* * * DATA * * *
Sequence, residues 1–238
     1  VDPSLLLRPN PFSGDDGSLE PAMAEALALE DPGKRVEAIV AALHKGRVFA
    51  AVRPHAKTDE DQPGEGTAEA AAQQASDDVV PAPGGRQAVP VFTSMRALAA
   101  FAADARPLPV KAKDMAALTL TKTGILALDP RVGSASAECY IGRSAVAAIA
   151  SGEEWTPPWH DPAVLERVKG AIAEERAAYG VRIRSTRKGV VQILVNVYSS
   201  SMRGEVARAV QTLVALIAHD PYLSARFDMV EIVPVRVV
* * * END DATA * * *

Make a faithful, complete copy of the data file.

Sequence, residues 1–238
     1  VDPSLLLRPN PFSGDDGSLE PAMAEALALE DPGKRVEAIV AALHKGRVFA
    51  AVRPHAKTDE DQPGEGTAEA AAQQASDDVV PAPGGRQAVP VFTSMRALAA
   101  FAADARPLPV KAKDMAALTL TKTGILALDP RVGSASAECY IGRSAVAAIA
   151  SGEEWTPPWH DPAVLERVKG AIAEERAAYG VRIRSTRKGV VQILVNVYSS
   201  SMRGEVARAV QTLVALIAHD PYLSARFDMV EIVPVRVV